The first thing that’s striking about North Coast Repertory’s production of the Neil Simon-penned “The Sunshine Boys” is just how damn good the set looks. Over three quarters of the play takes place in the apartment of Willie Clark, one half of the titular Sunshine Boys. The place looks well lived-in; books are tucked underneath the bed, one of the chairs is disintegrating, an ashtray sits on a nightstand.
But there’s also a sense of sad nostalgia about the place. Old pictures and periodicals hang on the walls, and a fake leg — no doubt a prop — hangs by the bathroom doorframe. Willie Clark, despite what appears to be a serious case of short-term memory loss, is unwilling to let go of his past. At least, parts of it.
Clark, played with a natural effortlessness by Lenny Wolpe, is something of a curmudgeon who toes the line between sympathetic and otherwise. He clearly wants to go on performing despite his fading memory, unwilling to let himself fade into the background of the entertainment industry. But he is also frequently abrasive, both to his nephew and to his former partner Al Lewis, with whom he holds several grudges against.
Lewis is played with an equal level of convincing finesse by James Sutorius, who is more soft-spoken and terser in his performance. Unlike Clark, Lewis has no issues with his memory, but like his partner, he is so caught up in the minutiae of their routines that he stubbornly refuses to accept any sort of variation. While Lewis clearly wants to reunite with his old partner, he is also unwilling to put up with Clark’s temper. They are alike in obvious ways, but the differences in their respective styles of performance pull them apart, setting up the story’s central conflict.
Much of the Borscht Belt-style of humor is wrung out of Clark’s interactions with his exasperated nephew Ben Silverman (Bryan Banville), who serves as both his agent and his reluctant caretaker. He is both the butt of his uncle’s jokes and must endure Clark getting his children’s names consistently wrong. There is certainly a warmth in the relationship, as Silverman refuses to abandon his uncle to a negligent lifestyle, despite Willie’s consistent (perhaps unknowing) attempts to drive him out of his life through sheer irritation.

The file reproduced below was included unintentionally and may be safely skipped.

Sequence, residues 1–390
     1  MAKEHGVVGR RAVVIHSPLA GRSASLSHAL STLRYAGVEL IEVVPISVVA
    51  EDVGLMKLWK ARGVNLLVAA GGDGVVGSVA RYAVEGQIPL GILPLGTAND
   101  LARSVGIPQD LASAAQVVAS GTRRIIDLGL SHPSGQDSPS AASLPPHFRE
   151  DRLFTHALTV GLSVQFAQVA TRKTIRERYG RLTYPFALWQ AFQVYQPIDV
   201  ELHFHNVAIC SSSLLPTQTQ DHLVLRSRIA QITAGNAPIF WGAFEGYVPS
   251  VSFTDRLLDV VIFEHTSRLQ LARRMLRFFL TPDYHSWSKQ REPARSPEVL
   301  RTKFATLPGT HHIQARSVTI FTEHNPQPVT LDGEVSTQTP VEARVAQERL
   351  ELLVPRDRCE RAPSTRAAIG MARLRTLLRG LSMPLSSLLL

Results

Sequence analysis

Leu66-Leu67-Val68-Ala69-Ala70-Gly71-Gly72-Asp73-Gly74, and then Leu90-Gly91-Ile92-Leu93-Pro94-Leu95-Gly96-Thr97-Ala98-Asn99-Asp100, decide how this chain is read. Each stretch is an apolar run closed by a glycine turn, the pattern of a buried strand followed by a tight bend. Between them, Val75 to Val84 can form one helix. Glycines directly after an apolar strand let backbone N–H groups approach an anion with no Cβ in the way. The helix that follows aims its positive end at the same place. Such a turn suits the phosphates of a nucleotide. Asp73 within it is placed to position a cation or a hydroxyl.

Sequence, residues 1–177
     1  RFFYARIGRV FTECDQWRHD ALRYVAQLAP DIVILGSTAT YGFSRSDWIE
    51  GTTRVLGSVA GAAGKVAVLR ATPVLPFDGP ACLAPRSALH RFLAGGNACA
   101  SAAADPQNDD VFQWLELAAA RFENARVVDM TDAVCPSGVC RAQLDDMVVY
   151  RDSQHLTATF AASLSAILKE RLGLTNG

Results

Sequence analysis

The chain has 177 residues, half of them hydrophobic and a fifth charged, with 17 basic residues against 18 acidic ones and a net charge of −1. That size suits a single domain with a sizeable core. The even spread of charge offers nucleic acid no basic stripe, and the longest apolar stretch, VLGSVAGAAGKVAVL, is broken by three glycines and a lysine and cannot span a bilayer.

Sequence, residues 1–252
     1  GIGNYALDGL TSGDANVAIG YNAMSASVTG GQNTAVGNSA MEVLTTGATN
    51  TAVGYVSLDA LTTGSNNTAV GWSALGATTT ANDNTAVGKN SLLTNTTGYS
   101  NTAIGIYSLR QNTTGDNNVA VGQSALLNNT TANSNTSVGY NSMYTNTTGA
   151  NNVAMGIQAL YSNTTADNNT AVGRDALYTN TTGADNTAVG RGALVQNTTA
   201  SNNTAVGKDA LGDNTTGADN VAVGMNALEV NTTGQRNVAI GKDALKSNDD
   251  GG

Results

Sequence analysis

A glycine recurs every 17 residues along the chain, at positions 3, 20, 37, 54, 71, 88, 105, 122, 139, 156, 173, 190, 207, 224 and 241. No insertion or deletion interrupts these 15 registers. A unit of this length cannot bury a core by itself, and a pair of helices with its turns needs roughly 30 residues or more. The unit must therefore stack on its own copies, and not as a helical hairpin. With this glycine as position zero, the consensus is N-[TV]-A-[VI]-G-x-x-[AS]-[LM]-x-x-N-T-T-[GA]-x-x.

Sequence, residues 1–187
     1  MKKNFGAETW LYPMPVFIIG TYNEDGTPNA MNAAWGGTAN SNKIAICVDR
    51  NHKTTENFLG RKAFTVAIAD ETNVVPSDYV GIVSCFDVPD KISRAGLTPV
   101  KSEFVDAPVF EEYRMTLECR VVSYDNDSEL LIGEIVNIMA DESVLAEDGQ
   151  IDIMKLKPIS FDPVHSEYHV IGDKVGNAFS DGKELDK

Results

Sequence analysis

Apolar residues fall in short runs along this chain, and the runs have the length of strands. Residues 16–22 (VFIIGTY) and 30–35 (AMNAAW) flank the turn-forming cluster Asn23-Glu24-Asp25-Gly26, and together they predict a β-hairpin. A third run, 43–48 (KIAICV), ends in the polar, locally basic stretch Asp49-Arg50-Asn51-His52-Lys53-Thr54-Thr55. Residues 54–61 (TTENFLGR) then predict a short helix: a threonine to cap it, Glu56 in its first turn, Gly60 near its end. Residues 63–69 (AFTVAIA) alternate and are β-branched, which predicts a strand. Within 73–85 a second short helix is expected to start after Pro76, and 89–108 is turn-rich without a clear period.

There are also the amusing interactions between Lewis and Clark to be had; Wolpe and Sutorius take loud-mouthed exasperation and elevate it into an art form. As they rehearse their famous sketch, the two veteran vaudevillians nearly come to each other’s throats, shouting at one another over the placement of props, the timing of entrances, and saying “Enter!” with over-the-top aplomb instead of the tried-and-true-we’ve-done-this-for-nearly-four-decades “Come in.”
There is definitely some sense that the humor is repetitive, with most of the laughs being wrung out of silly wordplay. It’s the dominant type of humor, though we do get something of a comedic interlude when the Sunshine Boy’s perform their doctor’s office sketch, which is traditionally vaudevillian in its humor and delivery, more slapstick and raunchy.
North Coast Repertory’s “The Sunshine Boys” is an amusing, sweet affair of two cranky old men who reunite for one last reluctant hurrah. It’s a simple story that’s good for plenty of chuckles and a warm feeling that nestles in your chest as the lights go down.
The Sunshine Boys runs until Nov. 24 at North Coast Rep, Wednesdays at 7 p.m., Thursdays through Saturdays at 8 p.m., Saturday and Sunday matinees at 2 p.m. with Sundays at 7pm through Nov. 17.
Ticket prices are as follows: Previews are $46. Weeknights, Wednesday and Saturday matinees are $52. Saturday evenings and Sunday matinees are $57. Sunday nights are $49. By popular demand, a Wednesday matinee will play on Nov. 13, at 2 p.m. for $52. Seniors, students, military and educators get $3 off admission.
Call (858) 481-1055 or visit www.northcoastrep.org to purchase tickets.